By Solomon C. Robert
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Extra resources for Art of Client Service
19 Listen carefully for client concerns, even when they are not stated overtly. Especially when they are not stated overtly. Ask questions. Probe for answers. Draw the client out. I missed a subtle signal that, in retrospect, was quite clear. If you observe and listen to your client, you can do better than I did. 20 C H A P T E R 6 Ta k e t h e Wo r d Brief Seriously I once worked at an agency where we wrote briefs that were as fat as the Manhattan Yellow Pages (well, maybe not quite that big, but you get the picture).
The client laughed when we showed the idea to her. She got it, she knew the target would get it. In the end, she didn’t love it enough to take a risk on it. The very thing that made the work great—the humor— is the thing that worried her. So she went with a safer choice. The fault was ours, not hers. We knew the idea was right. We did our best to be persuasive, without applying undue pressure. We wanted her to own the idea with us. We didn’t succeed. We wound up executing a different concept, which made perfectly good advertising.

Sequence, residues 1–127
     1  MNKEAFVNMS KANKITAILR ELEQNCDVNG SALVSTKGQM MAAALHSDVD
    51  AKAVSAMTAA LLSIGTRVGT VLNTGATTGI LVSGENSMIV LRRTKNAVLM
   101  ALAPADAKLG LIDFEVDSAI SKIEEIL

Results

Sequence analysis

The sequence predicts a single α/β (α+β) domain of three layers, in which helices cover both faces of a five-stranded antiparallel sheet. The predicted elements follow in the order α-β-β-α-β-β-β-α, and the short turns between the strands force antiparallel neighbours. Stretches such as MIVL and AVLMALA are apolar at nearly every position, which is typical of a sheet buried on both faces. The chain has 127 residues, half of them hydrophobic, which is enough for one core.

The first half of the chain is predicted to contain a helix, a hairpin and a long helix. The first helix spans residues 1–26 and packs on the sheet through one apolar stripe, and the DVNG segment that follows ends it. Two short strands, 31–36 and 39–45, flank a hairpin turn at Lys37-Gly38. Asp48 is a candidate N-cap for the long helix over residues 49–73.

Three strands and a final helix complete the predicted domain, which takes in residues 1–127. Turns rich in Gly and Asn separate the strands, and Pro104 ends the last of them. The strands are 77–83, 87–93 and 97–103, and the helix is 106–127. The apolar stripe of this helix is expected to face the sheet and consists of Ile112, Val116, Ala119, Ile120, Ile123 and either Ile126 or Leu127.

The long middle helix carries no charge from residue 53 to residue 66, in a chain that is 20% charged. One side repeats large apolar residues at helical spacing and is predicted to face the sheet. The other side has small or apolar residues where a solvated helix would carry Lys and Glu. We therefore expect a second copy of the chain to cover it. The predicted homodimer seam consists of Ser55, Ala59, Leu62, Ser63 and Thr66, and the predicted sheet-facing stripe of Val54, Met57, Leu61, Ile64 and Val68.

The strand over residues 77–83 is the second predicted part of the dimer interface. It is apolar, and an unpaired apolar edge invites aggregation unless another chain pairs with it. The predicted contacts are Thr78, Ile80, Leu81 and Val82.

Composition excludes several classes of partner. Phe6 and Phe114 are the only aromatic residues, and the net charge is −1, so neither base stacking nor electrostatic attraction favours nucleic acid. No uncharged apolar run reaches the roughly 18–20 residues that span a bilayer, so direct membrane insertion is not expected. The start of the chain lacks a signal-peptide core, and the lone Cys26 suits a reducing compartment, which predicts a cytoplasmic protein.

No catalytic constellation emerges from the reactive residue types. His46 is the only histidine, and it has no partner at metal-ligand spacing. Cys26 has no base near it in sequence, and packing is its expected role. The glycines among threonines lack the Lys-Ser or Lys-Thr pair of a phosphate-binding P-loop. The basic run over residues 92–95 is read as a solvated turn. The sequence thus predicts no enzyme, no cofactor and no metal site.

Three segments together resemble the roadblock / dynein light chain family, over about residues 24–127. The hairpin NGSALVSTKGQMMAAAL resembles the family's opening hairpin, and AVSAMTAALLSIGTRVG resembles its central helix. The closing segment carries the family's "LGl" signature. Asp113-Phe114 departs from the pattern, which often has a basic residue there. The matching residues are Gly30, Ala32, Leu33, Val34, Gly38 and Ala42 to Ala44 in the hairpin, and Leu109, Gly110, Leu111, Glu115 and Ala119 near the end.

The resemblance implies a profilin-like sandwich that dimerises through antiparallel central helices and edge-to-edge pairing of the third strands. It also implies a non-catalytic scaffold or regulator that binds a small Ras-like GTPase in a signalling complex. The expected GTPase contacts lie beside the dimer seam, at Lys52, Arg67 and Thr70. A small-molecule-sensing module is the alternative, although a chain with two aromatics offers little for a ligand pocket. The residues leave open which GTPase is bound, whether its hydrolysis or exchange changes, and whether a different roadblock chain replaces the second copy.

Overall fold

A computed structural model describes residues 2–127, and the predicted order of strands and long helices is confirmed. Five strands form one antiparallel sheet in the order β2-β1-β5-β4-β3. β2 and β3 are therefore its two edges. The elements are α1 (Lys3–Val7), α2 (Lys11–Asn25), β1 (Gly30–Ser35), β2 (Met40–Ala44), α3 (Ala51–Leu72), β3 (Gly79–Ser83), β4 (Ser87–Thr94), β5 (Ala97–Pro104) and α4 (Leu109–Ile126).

It’s a much happier task to stand up for work you believe in than it is to speak out against work you know is wrong. But your colleagues will listen to you if you’ve established yourself as a credible source of input, if you speak with conviction, and if your assessment is well reasoned. ” You 43 need to explain why the work doesn’t deliver on the strategy, why it will fail to engage viewers, why it doesn’t deliver the message clearly, or whatever else might be wrong with it. ” If there’s no idea in what you’re seeing, then there isn’t anything for the client to buy, and the agency shouldn’t be trying to sell it.